Central Chennai seat may retain ‘DMK bastion’ tag

More multi-level parking & better roads to reduce traffic congestion, permanent solution to prevent flooding are major demands of residents
With the dominance of the working-class in the north and the upwardly mobile in the south, the constituency looks like a curious microcosm of Indian society.
With the dominance of the working-class in the north and the upwardly mobile in the south, the constituency looks like a curious microcosm of Indian society.Photo | P ravikumar

CHENNAI: At 7.30am, much before the scorching sun turns unkind, Dayanidhi Maran’s campaign cavalcade enters a nearly deserted bylane of Anna Nagar. There is enough din to draw the unsuspecting crowds. The DMK bastion where the party won in eight out of the 12 Lok Sabha elections since 1977, however, looks quiet on the surface, barely revealing what is simmering beneath.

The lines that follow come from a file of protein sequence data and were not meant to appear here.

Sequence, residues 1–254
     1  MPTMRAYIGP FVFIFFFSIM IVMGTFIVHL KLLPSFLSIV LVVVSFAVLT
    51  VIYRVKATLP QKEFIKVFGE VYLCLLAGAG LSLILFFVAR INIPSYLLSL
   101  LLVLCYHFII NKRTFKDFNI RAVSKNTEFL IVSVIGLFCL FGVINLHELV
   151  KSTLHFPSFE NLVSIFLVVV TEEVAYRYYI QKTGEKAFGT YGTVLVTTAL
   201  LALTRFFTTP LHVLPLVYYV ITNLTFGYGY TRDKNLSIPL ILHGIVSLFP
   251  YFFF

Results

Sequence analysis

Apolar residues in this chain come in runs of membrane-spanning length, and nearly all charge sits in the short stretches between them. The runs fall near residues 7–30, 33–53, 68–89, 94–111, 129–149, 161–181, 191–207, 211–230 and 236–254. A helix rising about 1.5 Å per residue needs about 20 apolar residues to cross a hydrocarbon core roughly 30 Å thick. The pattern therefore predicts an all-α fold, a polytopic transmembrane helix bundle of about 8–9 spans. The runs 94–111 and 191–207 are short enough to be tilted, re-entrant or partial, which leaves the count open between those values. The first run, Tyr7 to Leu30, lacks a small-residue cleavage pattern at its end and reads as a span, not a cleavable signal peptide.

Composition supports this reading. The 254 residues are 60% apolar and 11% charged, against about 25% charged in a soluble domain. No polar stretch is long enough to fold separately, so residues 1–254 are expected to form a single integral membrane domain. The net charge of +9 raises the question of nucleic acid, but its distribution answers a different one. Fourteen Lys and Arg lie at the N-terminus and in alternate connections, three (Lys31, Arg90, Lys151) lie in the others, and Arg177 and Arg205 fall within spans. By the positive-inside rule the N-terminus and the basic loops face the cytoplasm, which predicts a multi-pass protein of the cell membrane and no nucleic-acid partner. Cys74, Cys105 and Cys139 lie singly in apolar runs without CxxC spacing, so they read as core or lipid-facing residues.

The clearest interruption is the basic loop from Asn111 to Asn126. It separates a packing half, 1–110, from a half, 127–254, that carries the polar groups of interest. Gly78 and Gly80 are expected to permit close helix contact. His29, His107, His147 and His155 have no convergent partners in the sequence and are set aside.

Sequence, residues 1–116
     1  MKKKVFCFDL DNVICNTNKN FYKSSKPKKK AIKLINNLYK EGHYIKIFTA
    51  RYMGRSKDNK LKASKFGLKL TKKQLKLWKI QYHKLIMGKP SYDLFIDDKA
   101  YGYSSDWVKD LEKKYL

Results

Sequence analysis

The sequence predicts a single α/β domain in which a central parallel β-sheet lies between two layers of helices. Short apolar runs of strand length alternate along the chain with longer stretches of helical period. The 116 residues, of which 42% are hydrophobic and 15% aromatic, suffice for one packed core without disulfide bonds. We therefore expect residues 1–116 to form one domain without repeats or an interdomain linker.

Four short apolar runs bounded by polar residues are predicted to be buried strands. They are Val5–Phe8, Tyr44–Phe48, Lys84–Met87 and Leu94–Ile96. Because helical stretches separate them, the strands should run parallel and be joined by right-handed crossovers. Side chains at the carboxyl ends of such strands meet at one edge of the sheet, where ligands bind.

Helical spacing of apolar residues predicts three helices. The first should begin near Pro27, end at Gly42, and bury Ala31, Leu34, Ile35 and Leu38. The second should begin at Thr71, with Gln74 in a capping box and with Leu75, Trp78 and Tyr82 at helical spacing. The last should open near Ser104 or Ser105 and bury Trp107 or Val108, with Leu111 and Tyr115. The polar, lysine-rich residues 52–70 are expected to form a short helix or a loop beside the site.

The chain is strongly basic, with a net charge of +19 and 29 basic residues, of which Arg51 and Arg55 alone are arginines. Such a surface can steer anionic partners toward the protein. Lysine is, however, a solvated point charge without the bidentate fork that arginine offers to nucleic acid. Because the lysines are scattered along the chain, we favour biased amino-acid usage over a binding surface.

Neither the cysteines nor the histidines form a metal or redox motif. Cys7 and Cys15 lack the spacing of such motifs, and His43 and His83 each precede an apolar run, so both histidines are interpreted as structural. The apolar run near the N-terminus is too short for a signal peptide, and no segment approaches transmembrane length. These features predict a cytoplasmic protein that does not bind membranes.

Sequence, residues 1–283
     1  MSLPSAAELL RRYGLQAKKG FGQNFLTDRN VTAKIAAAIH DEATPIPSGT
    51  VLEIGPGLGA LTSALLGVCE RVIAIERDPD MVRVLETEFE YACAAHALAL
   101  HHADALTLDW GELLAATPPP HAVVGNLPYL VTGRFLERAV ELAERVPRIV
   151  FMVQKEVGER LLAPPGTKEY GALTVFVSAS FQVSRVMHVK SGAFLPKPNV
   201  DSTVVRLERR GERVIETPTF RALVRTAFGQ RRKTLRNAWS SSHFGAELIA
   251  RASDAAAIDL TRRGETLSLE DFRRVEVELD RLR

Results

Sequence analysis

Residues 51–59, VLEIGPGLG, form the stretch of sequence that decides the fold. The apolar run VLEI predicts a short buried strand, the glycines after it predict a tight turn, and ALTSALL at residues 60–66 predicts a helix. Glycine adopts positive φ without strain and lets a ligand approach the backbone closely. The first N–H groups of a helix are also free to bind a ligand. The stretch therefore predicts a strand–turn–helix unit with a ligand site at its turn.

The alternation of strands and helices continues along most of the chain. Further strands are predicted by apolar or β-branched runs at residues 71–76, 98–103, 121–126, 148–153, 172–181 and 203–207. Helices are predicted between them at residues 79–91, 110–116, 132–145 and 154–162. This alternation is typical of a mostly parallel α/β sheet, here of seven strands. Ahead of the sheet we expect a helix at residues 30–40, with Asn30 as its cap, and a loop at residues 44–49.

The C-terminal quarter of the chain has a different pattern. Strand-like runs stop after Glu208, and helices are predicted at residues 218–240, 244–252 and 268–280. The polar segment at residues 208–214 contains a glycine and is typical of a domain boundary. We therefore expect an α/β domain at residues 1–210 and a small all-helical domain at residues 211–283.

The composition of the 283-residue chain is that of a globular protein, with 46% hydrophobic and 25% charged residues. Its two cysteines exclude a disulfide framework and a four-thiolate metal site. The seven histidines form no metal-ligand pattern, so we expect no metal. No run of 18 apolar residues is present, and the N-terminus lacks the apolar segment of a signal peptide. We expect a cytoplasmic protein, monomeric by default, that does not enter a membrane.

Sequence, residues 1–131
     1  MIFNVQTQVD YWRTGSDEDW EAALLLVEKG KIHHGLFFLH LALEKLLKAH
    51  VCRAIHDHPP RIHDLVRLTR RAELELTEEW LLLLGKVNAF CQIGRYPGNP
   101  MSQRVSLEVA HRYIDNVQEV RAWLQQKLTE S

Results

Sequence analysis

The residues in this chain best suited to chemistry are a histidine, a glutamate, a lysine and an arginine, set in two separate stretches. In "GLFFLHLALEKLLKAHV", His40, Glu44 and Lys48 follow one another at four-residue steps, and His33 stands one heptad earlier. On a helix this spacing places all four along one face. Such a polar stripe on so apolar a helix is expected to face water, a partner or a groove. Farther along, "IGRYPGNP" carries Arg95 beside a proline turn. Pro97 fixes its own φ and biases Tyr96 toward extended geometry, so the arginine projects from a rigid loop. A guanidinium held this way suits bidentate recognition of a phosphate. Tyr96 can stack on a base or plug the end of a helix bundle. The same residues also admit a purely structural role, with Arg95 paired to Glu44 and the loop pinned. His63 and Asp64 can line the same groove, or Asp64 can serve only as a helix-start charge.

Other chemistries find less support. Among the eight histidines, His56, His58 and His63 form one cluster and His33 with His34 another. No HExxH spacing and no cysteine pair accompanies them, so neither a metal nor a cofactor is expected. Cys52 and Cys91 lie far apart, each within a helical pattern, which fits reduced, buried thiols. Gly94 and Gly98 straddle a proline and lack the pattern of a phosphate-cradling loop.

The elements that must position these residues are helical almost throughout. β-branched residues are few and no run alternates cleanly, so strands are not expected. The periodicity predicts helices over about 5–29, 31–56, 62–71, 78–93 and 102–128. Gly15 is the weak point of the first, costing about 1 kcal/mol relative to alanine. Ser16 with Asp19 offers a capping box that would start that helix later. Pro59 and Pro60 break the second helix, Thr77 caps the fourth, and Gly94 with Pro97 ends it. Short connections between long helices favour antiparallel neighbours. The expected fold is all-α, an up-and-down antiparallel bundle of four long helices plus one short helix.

Like Maran, most of the 31 candidates in the fray, including 20 independents, are all out in the morning elsewhere, busy campaigning. Surprisingly, there is no woman candidate there.

With the dominance of the working-class in the north and the upwardly mobile in the south, the economically heterogeneous electorate of the constituency looks like a curious microcosm of Indian society. What makes it diverse is the sizable population of Muslims and Scheduled Castes, concentrated in the assembly segments of Chepauk-Thiruvallikeni and Egmore (SC), respectively.